LONG-TERM COMPENSATI AWARDS -------------------------OTHER COMMON SHARES RESTRIC NAME AND PRINCIPAL ANNUAL UNDER OPTION SHARES POSITION COMPEN(#) RESTRIC YEAR SALARY BONUS SATION SHARE UN (US$) (US$) ($) ($) --------------------------------------------------------------------------------------------------------Elias Vamvakas, Chief 1996 215,260 Nil Nil 1, 000,000 Nil Executive Officer 1997 235,417 250,000(1) Nil Nil Nil --------------------------------------------------------------------------------------------------------Dr. Jeffery J. Machat, 1996 83,333(2) Nil Nil 25,000 Nil Co-National Medical 1997 200,000 Nil Nil 25,000 Nil Director --------------------------------------------------------------------------------------------------------Ronald J. Kelly, 1996 Nil Nil Nil Nil Nil Vice-President 1997 150,000(3) Nil Nil 25,000 Nil Acquisitions and General Counsel --------------------------------------------------------------------------------------------------------Dr. Barry Barresi, 1996 Nil Nil Nil Nil Nil Chief Executive Officer 1997 128,365 Nil Nil 25,000 Nil - Partner Provider (4) Health Inc. --------------------------------------------------------------------------------------------------------Gary Jonas, 1996 Nil Nil Nil Nil Nil Senior Vice-President 1997 67,045 Nil Nil Nil Nil U.S. Operations (5) ANNUAL COMPENSATION ---------------------------------

(1) This amount is payable to Mr. Vamvakas upon the Corporation having earned two consecutive quarters of net income. (2) Dr. Machat became an officer of the Corporation in January 1996. (3) Mr. Kelly became an officer of the Corporation in September 1996. His salary is presented in Canadian dollars. (4) Dr. Barresi became the Chief Financial Officer of Partner Provider Health Inc., a subsidiary of the Corporation, in September 1996. (5) Mr. Jonas joined the Corporation in February 1997.

-9OPTIONS GRANTED DURING FISCAL 1997 The following table sets forth the individual grants of stock options for Fiscal 1997 to the Named Executive Officers:
COMMON MARKET VALUE SHARES % OF TOTAL OPTIONS COMMON SHARE UNDER OPTIONS GRANTED TO UNDERLYING OPTI GRANTED EMPLOYEES IN EXERCISE OR BASE ON THE DATE NAME (#) FINANCIAL YEAR PRICE OF GRANT --------------------------------------------------------------------------------------------------------Dr. Jeffery J. Machat 25,000 7.81% $7.25 $7.25 Ronald J. Kelly 25,000 7.81% $7.25 $7.25 Dr. Barry Barresi 25,000 7.81% $7.25 $7.25

AGGREGATE OPTION EXERCISES DURING FISCAL 1997 AND FINANCIAL YEAR-END OPTION VALUES The following table sets forth all stock options exercised by the Named Executive Officers of the Corporation, the total number of securities underlying unexercised options of the Named Executive Officers and their dollar value during Fiscal 1997:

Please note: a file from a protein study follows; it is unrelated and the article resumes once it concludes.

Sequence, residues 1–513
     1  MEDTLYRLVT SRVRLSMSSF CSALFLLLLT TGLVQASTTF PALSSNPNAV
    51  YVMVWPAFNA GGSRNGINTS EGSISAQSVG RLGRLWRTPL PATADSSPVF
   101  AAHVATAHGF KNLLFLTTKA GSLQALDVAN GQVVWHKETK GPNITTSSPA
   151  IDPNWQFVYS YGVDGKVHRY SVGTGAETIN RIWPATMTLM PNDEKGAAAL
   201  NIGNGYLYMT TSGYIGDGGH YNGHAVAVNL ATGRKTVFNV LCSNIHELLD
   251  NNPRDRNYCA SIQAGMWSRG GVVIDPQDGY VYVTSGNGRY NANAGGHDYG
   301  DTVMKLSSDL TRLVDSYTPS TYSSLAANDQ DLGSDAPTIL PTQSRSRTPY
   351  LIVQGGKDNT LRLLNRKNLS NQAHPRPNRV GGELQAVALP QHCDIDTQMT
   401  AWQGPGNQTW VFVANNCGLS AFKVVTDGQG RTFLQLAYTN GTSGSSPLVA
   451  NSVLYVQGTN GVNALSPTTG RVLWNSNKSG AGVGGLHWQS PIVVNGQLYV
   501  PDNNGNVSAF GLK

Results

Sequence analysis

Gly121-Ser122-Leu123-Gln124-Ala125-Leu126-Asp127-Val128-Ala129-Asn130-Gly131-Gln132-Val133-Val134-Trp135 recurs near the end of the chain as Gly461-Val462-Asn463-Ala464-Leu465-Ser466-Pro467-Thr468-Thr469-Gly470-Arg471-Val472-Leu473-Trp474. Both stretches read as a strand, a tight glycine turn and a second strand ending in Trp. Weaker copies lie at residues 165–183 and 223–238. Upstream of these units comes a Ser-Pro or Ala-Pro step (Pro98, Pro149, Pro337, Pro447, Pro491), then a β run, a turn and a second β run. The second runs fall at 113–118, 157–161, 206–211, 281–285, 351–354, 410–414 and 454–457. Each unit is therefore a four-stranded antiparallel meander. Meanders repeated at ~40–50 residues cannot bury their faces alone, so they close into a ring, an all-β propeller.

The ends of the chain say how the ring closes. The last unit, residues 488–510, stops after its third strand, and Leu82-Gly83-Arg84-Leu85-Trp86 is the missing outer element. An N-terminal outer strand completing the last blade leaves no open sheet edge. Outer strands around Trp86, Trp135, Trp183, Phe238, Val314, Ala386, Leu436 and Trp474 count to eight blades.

V UNEXERCISED OPTIONS AT FINANCIAL YEAR-END --------------------------------------------------------------------------------------------------------COMMON SHARES ACQUIRED AGGREGATE ON VALUE EXERCISE REALIZED (#) (US$) EXERCISABLE UNEXERCISABLE EX NAME --------------------------------------------------------------------------------------------------------Elias Vamvakas Nil Nil 304,137 304,136 2 Dr. Jeffery J. Machat Nil Nil 7,604 32,603 Ronald J. Kelly Nil Nil Nil 25,000 Dr. Barry Barresi Nil Nil Nil 25,000

(1) The closing price of TLC's Common Shares on The Toronto Stock Exchange on May 31, 1996 was $12.00.

-10EMPLOYMENT CONTRACTS MR. ELIAS VAMVAKAS The Corporation has entered into an employment contract with Mr. Elias Vamvakas who is the President, Chief Executive Officer and Chairman of the Board of Directors of the Corporation. The term of the agreement is three years commencing on January 1, 1996 with automatic one year renewals as agreed upon by the parties. During the initial year of the agreement, the base salary was US$225,000, which will increase by US$25,000 during each year of the initial term. Thereafter, Mr. Vamvakas' base salary will be determined by the Board of Directors but will never be less than the previous year's base salary plus fifteen percent. Mr. Vamvakas' compensation also includes a discretionary annual bonus as determined by the Board of Directors. Mr. Vamvakas' employment may be terminated for cause. If terminated other than for cause, Mr. Vamvakas will be entitled to receive 24 months' base salary and bonus and shall be entitled to exercise all share options granted but not otherwise exercisable. The agreement also contains non-competition and confidentiality covenants for the benefit of the Corporation. DR. JEFFERY J. MACHAT The Corporation has entered into a consulting agreement with Excimer Management Corporation which corporation will make available to TLC the services of Dr. Jeffery J. Machat as a consultant relating to the business of the Corporation. Pursuant to such agreement, Dr. Machat is designated Co-National Medical Director of TLC. The term of the agreement is three years commencing on January 1, 1996. The agreement provides for an annual consulting fee in the amount of US$200,000. Dr. Machat has also entered into a surgery agreement with the Corporation pursuant to which he will perform excimer laser procedures at one or more of the Corporation's clinics and will be entitled to receive a fee of $150 per procedure performed by him payable in the same currency as paid by the patient. Dr. Machat is also entitled to receive options under the Share Option Plan as a director. Dr. Machat's agreement may be terminated for cause. If terminated other than for cause, Dr. Machat will be entitled to receive an amount equal to two times the annual consulting fee. Dr. Machat's consulting agreement contains non-competition and confidentiality covenants for the benefit of the Corporation.